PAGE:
The issue of skimming caught my attention when a Pastor raised it in a leading newspaper last week. I believe that many Barbadians experienced some level of frustration when dealing with some of our financial institutions. My own father complained loudly as far back as the 1970s. Some may argue that this is a feature of the Barbadian landscape and black Barbadians, they say, get a raw deal from our financial institutions. I have worked in a financial institution and I can say that this is not always the case.
However, the pastor’s complaint raises a more serious concern, which is the security of our money in these institutions. The world has changed considerably over the past 25 years. Most transactions are now done via the internet or electronically by swiping cards to pay for goods or services. Bank customers do not go the bank teller as often now; they go to automatic teller machines to extract cash, make deposits, and transfer funds among accounts.
Customers were robbed, yes, robbed, by some individuals who skimmed money from their accounts. Customers have a legitimate expectation that their money would be secure when held by a bank. Banks as fiduciaries have a responsibility to ensure that a customer’s money is not stolen from him; in other words, the banks have a duty of care. This duty of care was breached when customers’ money was extracted from their accounts via automatic teller machines by individuals who were not account holders at our banks. As a result, account holders suffered loss and damage. This marks the second time within recent years that such breaches were experienced by banks. It is hoped that these accounts will be replenished with those stolen funds within a reasonable time.
At the same time, as it was a robbery, customers should report the matter to the police along with the banks. The banks may have their own internal procedures when dealing with these types of matters; consequently, it may take some time for customers to be refunded their monies. Banks should, however, be as transparent as possible in this situation. Apart from outwardly cosmetic adjustments instituted after the first instance of skimming activity in Barbados, there has been no publicly available information to reassure customers that banks are hardening their computer systems to reduce, if not eliminate, such activity.
There is also the issue of credit card fraud, phishing scams and other electronic forms of computer and cybercrime. It may be prudent, one would think, that the finance industry as a group would endeavour to educate customers and the public about strategies they can use to minimize the risk of being victims of such criminal activity. In addition, financial institutions’ information consisting of customers accounts and personal data can be captured by cyber criminals and used as a means to extort a ransom from financial institutions for its return. This has occurred in more advanced countries and while not generally made public as it would cause these institutions much legal mayhem, it would be wise that we, in this jurisdiction, take appropriate measures to guard against it.
If such matters continue, where persons from outside our jurisdiction steal money from the customers of the financial system using cybercrime techniques, it is only a matter of time before customers seek legal redress against the financial institutions which hold and manage their accounts. The question is – what strategies are being employed by these institutions to mitigate the risk of skimming and other cybercrimes being used to infiltrate these financial institutions?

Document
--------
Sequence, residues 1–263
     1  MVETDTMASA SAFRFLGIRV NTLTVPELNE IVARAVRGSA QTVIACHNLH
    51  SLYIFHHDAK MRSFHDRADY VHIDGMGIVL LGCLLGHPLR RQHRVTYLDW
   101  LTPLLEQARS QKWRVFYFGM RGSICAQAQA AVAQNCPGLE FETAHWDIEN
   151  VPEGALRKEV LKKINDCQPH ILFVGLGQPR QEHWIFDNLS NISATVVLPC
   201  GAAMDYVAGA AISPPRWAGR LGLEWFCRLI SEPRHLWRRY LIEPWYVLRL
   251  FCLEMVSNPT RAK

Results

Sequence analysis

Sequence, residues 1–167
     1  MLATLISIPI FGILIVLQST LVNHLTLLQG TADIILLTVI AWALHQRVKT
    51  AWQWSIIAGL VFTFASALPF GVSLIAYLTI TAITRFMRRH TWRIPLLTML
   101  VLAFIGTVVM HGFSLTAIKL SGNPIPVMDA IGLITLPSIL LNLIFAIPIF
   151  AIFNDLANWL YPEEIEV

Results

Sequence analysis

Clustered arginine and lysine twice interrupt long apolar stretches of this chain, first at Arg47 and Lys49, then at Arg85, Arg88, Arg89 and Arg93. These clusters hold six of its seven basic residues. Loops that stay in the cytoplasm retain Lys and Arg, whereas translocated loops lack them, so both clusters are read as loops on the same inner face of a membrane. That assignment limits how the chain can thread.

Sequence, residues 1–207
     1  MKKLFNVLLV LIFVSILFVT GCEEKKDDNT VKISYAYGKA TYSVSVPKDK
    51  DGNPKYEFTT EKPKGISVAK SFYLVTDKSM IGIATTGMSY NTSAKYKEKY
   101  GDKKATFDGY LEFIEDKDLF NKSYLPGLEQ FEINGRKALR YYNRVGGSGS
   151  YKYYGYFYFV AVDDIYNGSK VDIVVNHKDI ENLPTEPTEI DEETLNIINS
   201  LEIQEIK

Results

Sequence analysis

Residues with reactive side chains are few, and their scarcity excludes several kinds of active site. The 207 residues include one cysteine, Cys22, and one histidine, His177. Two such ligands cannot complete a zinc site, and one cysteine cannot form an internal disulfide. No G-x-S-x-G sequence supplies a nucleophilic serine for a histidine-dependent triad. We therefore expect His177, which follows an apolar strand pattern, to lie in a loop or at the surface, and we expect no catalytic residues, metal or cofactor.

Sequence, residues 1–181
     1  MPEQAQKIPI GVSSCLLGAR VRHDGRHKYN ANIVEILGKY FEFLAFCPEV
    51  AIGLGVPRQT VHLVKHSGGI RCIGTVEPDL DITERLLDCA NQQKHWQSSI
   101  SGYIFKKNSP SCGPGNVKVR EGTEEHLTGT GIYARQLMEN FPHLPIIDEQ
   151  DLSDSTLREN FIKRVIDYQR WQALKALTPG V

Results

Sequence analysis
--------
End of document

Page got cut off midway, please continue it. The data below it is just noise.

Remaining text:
There are methods by which such risks can be minimized if not eliminated. We have recently noted an introduction of smart cards both for credit and debit transactions, which makes it more difficult to steal account information. There are artificial intelligence systems used by large companies on their computer networks; large financial institutions use these systems as well in developed nations to track customer buying habits. Artificial intelligence systems are also used to protect customer accounts from being hacked by tracking customer habits and when unusual transactions occur, these are immediately flagged, and investigated. As far as I am aware, there is only one financial institution in Barbados which makes use of this type of technology.
The reason for this lack of interest by financial institutions here may be the cost of investing in such measures and the fact that a significant number of financial institutions are controlled from outside the region. Therefore, decisions to invest in such technology may not be made in Barbados. Costs for the purchase of the hardware and software systems as well as the training of staff in all the cybercrime techniques and the hiring of additional human resources to manage such systems are considerable.
When examined from a cost benefit perspective, the management of these institutions may not deem such strategies as cost effective. However, our policy makers and regulators must insist that proper systems to protect customer account information and monies must be one of the criteria by which financial institutions are allowed to operate in this jurisdiction. One of the reasons banks here have lost correspondent banking relationships is the perceived or actual weaknesses in our regulatory systems. This includes the weakness with respect to cybercrime prevention.
This is a matter which requires policymakers to examine and upgrade the legal framework governing computer based and electronic crime. In addition, the regulatory agencies must require the financial institutions to pay particular attention to combating cybercrime.
Edward Hunte, an attorney-at-law, is the holder of an MBA with concentrations in Economics & Finance. He was also an economist with the Ministry of Finance and Economic Affairs.
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